We know that the world’s population is currently living longer. This is especially problematic, given the increase in the prevalence of chronic conditions resulting from an increased aging population, thus negatively affecting the healthspan and quality of life of the affected individuals. Although autophagy is downregulated as people age, stimulation of this pathway through caloric restriction, intermittent fasting, and supplementation of agents can reinstate autophagy in older individuals. Induced autophagy promotes the longevity of cardiovascular health, thereby instigating the role of autophagy in the prevention of chronic conditions such as cardiovascular ailments.
Resveratrol and nicotinamide mononucleotide supplementation induce autophagy in humans through activation of the sirtuin-1 pathway as discussed.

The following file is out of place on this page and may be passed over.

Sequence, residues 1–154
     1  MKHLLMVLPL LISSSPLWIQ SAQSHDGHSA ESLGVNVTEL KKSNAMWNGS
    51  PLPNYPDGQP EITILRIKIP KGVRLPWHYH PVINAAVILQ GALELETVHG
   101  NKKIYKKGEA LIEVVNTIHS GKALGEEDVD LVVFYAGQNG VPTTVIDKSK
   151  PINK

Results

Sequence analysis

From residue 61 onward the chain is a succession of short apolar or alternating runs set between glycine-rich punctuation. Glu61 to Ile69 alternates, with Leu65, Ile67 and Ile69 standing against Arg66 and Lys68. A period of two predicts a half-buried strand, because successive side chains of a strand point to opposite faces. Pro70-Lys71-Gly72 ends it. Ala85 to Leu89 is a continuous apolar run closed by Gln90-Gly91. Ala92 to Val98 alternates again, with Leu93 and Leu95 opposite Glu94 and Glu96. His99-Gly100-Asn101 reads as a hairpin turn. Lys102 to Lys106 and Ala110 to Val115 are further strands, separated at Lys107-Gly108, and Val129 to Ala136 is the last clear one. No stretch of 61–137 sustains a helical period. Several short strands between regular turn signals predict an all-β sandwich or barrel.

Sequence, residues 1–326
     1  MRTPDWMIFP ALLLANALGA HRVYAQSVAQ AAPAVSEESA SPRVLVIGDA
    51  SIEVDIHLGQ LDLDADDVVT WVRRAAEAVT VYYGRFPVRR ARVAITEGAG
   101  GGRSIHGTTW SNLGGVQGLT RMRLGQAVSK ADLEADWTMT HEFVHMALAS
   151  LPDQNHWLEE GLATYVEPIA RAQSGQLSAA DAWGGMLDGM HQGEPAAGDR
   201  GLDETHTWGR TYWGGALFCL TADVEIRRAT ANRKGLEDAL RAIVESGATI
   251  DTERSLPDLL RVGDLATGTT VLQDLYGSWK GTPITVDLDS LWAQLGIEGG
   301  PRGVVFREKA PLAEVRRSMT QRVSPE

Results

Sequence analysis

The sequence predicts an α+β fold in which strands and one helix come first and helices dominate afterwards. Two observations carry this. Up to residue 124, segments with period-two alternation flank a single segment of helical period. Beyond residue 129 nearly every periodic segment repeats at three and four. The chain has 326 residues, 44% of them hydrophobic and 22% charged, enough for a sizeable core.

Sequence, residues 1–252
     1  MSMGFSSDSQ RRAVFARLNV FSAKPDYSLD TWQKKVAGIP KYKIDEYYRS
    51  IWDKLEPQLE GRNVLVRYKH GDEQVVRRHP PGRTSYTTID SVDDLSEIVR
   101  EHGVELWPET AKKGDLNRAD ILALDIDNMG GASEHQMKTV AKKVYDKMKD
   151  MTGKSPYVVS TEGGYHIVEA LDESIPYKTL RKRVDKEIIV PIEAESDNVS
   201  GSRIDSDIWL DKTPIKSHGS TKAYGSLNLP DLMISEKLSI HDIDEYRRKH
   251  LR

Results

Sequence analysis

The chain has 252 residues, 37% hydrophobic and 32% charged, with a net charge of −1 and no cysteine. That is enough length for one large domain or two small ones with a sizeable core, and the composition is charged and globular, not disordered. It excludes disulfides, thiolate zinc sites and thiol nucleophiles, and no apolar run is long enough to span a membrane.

It's important to note that intermittent fasting is not for everyone and may not be suitable for certain individuals, such as pregnant women, children, and people with certain medical conditions. It is always a good idea to speak with a healthcare professional before starting any new diet or exercise program.
To summarize, intermittent fasting may have the potential to improve neurogenesis and overall health, potentially leading to increased lifespan and health span. While more research is needed to confirm these effects, intermittent fasting may be worth considering as a way to improve your overall health
Intermittent fasting increases adult hippocampal neurogenesis 2020 (pdf)Download
Intermittent Fasting Induces Long- Lasting Gut Health and TOR-Independent Lifespan Extension (pdf)Download
Autophagy in Cardiovascular Aging (pdf)Download
Role of Autophagy in Cardiovascular Disease and Aging (pdf)Download